Egypt’s Muslim Brotherhood published a statement warning that the CSW outcome document “if ratified, would lead to complete disintegration of society…” by, for example, granting women sexual freedom and reproductive rights and “granting equal rights to homosexuals.” It presented the movement for women’s rights as a decadent Western preoccupation leading to immorality. Neither the Vatican nor the Muslim Brotherhood (nor the United States) have ratified CEDAW, the international bill of rights for women. Their fundamentalisms meet over the same agenda. Following the Muslim Brotherhood statement, a coalition of Arab human rights groups – from Egypt, Lebanon, the Palestinian territories, Jordan and Tunisia – called on countries at CSW to stop using religion, culture and tradition to justify abuse of women.
“A lot of States are using religion to maintain control and flex their political power,” said Shareen Gokal, of AWID, before adding: “The body is the site of control, if you lose control over women’s sexuality and reproduction, then you lose control of society. That’s why you see the political struggles being played out on women’s bodies – in Egypt, people came together to ask for a more equal society, not for this.” Among women’s rights campaigners, there’s a growing sense that the actions of certain countries or entities at CSW such as Russia, Qatar and the Holy See are blocking the aspirations of the many – and also a sense that the Vatican’s complete lack of legitimacy as a State needs to be denounced.
Today is the final day for negotiations and the debates have become incredibly tense over women’s reproductive rights. But there is also a paragraph on national sovereignty which, if not challenged successfully, could undermine the whole text. Some delegates are becoming particularly frustrated by Iran, the Vatican and Russia blocking the discussion. There is a belief that Russia is simply trying to flex its political muscle in the international sphere to show that it is a force to be reckoned with.
What would the failure of the negotiations to reach an Agreement mean? It wouldn’t necessarily indicate that UN Women has failed, say some. One UN insider told me that she believes that the greatest mistake of UN Women is to have made the outcome of CSW a measure of its own success – and to have announced, as Michelle Bachelet did at the opening press conference of CSW, a desire to seek compromise. A failure would, however, tell the world’s women that we cannot take anything for granted and that some governments, under the umbrella of the UN, are ready to take us backwards when it comes to women’s rights.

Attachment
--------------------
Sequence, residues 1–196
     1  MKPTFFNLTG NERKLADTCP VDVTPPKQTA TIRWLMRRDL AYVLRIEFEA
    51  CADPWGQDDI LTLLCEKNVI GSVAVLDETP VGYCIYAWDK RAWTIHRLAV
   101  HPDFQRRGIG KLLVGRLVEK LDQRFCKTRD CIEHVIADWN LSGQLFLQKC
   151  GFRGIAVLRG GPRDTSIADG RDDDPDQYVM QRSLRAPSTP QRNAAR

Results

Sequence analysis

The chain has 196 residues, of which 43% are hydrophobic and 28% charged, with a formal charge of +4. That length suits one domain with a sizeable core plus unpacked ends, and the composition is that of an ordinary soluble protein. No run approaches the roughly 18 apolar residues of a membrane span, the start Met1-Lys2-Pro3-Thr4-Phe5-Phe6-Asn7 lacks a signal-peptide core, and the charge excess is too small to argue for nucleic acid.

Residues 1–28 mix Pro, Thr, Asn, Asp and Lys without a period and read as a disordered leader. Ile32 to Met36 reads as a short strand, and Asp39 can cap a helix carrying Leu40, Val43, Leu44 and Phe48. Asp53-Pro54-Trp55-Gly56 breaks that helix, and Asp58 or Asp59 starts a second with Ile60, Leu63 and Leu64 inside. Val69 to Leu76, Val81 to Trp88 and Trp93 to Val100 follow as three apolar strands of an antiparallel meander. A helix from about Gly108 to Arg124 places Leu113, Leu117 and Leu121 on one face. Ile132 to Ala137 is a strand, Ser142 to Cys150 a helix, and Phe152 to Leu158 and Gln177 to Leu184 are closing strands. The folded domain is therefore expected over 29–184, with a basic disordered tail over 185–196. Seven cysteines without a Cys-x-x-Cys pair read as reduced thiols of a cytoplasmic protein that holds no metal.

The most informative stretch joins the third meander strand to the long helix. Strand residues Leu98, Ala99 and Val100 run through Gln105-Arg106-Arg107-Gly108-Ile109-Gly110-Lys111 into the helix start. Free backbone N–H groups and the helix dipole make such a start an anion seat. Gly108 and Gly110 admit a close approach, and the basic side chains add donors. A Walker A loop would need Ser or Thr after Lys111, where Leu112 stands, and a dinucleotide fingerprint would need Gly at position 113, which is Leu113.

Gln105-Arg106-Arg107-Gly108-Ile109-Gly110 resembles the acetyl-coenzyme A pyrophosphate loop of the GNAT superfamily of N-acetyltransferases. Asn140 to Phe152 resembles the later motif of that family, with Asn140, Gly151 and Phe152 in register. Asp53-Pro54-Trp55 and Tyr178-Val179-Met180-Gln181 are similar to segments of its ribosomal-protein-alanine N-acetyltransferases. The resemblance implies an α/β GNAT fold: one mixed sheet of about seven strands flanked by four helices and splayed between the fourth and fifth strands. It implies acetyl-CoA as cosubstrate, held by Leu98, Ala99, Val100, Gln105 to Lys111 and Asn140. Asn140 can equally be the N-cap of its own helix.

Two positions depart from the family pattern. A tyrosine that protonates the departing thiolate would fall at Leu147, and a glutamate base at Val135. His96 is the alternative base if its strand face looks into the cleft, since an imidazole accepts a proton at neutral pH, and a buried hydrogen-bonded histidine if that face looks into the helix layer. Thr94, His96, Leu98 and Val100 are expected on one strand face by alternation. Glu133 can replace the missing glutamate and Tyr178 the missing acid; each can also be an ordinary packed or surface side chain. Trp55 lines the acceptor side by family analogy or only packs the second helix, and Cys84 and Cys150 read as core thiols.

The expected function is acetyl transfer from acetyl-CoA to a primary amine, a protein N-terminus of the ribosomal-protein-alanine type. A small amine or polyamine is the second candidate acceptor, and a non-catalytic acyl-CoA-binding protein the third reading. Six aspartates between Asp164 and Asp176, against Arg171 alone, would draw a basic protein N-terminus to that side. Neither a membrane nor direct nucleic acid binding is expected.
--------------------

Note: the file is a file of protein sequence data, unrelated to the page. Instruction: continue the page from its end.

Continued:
Coming up with an agreement which waters down women’s rights would open the door to future efforts to curtail women’s freedom that has been hard fought for over the decades. However, there is also an acute awareness that if there is an outcome document and the Agreed Conclusions contain progressive language, for words to be turned into action, the agreement needs to be accompanied by a global program of implementation and action, similar to the HIV/ AIDS program, where every member State agrees on a common strategy and budget. “The elimination of violence against women has been seen as one of the missing points from the 2015 development goals. It is the biggest impediment to development and an embarrassment to mankind,” one UN insider told me.
“Violence against women and girls is not in anyone’s culture, tradition or religion. This is about power, inequality, a lack of political will and courage to work towards a better world,” says Shareen Gokal, as she waits for the final outcome, hoping that political games, and agendas that have united unlikely bedfellow like the Holy See, Iran and Qatar won’t prevail over the women’s rights movement.
Valeria Costa-Kostritsky is a French journalist based in London. She writes about politics, women’s rights and society for French and English publications including the New Statesman, The Independent, Vice Magazine and L’Express Styles.
Article courtesy of Open Democracy